More Cowbell said: If the internal volume is too loud, normalization frequently causes the waveform to clip. Hard Limiting can fix this by boosting the internal level but keeping the waveform below a certain set dB.
Like i said before it depends on the song.
I still got love for ya. no hatin.
it doesnt depend on the song at all, you're talking out of your arse and your avatar is equally annoying. normalizing has the same effect as turning the volume up on your playback device.
from the sounds of it the problem this guy has is that he's recording at very low level, but turning the volume up on his digital 8 track to counter it, and then when he gets to something he has a reference voulme on (his pc) he notices the difference.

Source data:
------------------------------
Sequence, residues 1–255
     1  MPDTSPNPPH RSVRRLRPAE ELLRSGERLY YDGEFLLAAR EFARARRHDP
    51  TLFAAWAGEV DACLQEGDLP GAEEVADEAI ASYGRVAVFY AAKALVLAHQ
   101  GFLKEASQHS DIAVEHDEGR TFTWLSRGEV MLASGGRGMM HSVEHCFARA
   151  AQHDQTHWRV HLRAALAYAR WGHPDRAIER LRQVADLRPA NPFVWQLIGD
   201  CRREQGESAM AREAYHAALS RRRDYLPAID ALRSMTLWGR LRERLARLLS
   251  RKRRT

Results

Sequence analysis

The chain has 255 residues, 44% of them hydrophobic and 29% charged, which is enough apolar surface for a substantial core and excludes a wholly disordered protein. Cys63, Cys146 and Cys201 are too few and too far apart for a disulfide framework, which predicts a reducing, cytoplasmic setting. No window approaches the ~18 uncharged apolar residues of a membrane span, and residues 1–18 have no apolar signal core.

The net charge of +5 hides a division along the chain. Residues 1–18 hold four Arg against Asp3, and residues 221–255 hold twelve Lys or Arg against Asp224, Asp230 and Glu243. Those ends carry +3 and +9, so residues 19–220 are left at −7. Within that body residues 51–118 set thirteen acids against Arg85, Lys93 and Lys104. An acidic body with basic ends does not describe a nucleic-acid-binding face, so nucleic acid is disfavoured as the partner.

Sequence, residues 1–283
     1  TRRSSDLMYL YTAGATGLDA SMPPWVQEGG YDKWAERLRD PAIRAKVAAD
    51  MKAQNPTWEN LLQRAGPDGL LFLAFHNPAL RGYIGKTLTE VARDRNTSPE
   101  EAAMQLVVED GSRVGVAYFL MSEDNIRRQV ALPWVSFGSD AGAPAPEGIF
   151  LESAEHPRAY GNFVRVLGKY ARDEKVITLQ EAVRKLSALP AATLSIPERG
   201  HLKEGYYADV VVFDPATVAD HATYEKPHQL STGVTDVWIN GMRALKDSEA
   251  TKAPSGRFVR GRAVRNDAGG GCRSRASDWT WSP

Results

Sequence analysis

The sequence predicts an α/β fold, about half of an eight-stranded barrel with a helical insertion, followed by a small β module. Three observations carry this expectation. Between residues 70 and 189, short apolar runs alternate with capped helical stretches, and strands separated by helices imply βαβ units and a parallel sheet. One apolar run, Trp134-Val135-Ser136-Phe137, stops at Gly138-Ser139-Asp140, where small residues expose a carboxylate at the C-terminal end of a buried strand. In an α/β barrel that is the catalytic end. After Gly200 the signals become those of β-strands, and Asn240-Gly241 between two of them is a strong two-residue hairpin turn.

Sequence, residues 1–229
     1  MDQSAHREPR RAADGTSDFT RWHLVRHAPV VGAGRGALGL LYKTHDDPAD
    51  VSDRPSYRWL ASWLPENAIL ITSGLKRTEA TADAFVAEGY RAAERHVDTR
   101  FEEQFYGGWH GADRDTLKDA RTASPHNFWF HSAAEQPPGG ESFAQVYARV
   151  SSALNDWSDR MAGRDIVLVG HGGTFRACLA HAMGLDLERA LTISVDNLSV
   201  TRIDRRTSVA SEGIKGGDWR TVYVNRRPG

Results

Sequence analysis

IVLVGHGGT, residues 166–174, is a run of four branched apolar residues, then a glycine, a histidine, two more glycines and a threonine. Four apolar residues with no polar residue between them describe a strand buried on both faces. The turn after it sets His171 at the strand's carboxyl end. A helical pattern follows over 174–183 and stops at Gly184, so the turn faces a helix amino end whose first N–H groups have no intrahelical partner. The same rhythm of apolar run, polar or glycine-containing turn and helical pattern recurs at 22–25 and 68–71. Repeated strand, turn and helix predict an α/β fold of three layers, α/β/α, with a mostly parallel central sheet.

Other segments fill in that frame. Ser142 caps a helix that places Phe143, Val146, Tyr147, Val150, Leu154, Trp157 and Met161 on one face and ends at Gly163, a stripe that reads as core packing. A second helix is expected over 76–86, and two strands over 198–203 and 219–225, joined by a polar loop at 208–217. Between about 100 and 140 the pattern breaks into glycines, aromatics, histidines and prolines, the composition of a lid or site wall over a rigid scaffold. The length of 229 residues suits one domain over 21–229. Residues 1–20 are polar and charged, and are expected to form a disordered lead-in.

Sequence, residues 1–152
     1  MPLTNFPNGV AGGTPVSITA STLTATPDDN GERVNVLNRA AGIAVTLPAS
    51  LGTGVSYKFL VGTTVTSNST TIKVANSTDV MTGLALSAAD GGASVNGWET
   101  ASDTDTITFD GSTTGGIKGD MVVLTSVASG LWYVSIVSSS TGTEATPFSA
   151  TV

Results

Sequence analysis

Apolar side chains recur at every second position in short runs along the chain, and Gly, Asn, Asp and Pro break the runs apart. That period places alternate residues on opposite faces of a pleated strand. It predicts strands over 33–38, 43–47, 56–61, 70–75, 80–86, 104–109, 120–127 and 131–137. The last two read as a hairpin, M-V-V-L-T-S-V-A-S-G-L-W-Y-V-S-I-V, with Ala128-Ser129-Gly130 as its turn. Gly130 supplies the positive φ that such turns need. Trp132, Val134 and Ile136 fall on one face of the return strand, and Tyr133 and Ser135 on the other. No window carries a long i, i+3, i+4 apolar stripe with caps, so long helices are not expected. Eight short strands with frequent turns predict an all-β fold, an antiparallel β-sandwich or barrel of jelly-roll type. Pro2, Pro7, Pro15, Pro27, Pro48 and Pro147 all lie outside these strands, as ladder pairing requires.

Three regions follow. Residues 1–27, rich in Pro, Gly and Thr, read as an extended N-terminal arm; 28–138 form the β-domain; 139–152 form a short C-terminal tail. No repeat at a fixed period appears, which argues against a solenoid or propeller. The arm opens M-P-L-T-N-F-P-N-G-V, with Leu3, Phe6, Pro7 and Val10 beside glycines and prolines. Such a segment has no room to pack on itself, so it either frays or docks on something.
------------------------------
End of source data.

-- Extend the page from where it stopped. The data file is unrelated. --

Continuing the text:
if youre intending on just bouncing a stereo mix the best way to do it would be to do what doog said he does, just take an output from your 8track to your pc. that way you have a gain control that you can adjust. set the gain so the loudest parts of the song dont clip, and then normalize after.
nomalizing is something best done at the end of the process and only once, it will be fairly unnoticeable but all digital processes like that will add some digital artifacts, and you'll want to keep these to a minimum